Guide to Down Payments
What is a down payment exactly, anyways? In simple terms, the down payment is the percent of the cost of your new home that you pay out of pocket when you purchase the home. The rest of the cost is typically covered with a loan called a mortgage.
Lenders offer a wide variety of different mortgage plans, with different minimum down payments required. Minimum down payments traditionally range from 10% to as much as 25% of the total home purchase price. Generally, higher down payments equal lower mortgage rates, and the more you put towards the down payment, the less you’ll have to pay interest on when repaying the loan, so you’ll save money in the long term even though the upfront cost is higher. Lower down payments also typically result in large monthly payments, or in extremely long mortgage plans that risk leaving you in debt for decades. However, a smaller, more affordable down payment can help if you have trouble saving, and allow you to move into a house much sooner than if you spent several years sinking money into an apartment.
Most experts will recommend a down payment of at least 20% of the total home cost, to qualify for better rates and to avoid having to pay private mortgage insurance, also known as the PMI. Private mortgage insurance protects the lender from the risk of you defaulting on your loan, and is only asked for at lower down payments. If you have good credit, you can get a loan with as little as 10% down, but while your equity is below 20 to 22% paid off you’ll have to pay an extra 0.3% to 1.15% of the total loan in interest towards PMI. Buying before you’ve saved up the full 20% can still save you a good bit of cash when compared to renting, but be careful not to rush into a home that is more expensive than you can reasonably afford in the long-run.
How to afford the upfront cost still becomes a thorny issue for most families just starting out. The average price of an existing or pre-owned home in 2016 was $276,900, according to the National Association of Realtors. This puts the recommended down payment (20%) for an average pre-owned home in 2016 at $55,380, with the minimum down payment (10%) at $27,690. Even more cost-effective homes can be expensive enough for a 10% down payment to be cost prohibitive – explaining a recent survey by NerdWallet’s finding that on average we spend three years saving up for a new home. Fortunately, some banks have specific plans to help you save money, and several sites have online tools to help you calculate whether to rent or buy and when, depending on your credit score, your savings, your monthly rent, home cost, and potential mortgage plans.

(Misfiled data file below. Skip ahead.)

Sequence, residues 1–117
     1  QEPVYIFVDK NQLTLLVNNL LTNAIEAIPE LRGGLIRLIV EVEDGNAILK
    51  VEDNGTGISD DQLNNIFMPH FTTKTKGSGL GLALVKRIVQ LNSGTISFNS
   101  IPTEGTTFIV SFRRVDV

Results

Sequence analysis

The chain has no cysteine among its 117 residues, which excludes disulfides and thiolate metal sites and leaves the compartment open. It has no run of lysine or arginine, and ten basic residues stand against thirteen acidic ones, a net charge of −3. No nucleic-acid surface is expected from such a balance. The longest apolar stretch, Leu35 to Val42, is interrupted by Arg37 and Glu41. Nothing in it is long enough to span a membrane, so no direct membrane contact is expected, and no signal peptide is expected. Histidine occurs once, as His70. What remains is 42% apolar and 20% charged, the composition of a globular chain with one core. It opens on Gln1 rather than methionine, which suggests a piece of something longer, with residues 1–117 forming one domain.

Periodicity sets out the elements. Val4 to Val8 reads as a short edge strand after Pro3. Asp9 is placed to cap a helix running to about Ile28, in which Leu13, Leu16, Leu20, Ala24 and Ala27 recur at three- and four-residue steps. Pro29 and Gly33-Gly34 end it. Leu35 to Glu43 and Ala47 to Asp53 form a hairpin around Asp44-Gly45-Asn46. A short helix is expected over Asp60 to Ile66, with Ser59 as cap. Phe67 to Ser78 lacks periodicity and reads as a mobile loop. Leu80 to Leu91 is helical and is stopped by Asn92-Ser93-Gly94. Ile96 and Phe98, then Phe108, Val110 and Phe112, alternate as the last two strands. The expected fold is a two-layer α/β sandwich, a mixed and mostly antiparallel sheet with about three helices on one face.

Several places also offer down payment assistance programs, and government-backed mortgages are an option for some. The Department of Housing and Urban Development‘s pages for individual states have links to programs to assist prospective homeowners. There are also a variety of locally run assistance programs you can seek out. Both federal and state programs can change over time, so simply take advice from a magazine or online source, you’ll need to research these programs so that you are up to date on all the current options. For mortgages, currently the two most common options are Federal Housing Administration mortgages and Veterans’ Affairs loans. FHA mortgages may require as little as 3.5% for the down payment, while veterans may be able to receive a loan from the VA for 0% down. FHA mortgages are available to anyone who meets the income and credit score requirements. VA loans are available to veterans and their families who meet minimum credit score requirements.
Establishing a savings plan to accumulate enough for a down payment can be an effective tool to help you structure your budget and plan ahead. Some banks even offer workshops or special services on savings relating to home ownership. Ask around, since you never know what programs may be available in your area. Remember too that your “dream home” likely won’t be your first purchase, and one of the worse mistakes new homeowners can make is to buy a home whose mortgage payments, upkeep, insurance, and taxes collectively outstrip your income. A licensed realtor can be a valuable asset in helping to determine what is a reasonable range, and thereby how much of a down payment you’ll need to save. In most cases, families are better off with a smaller home and large down payment, compared to a minimal down payment on a large house they can’t afford in the long run.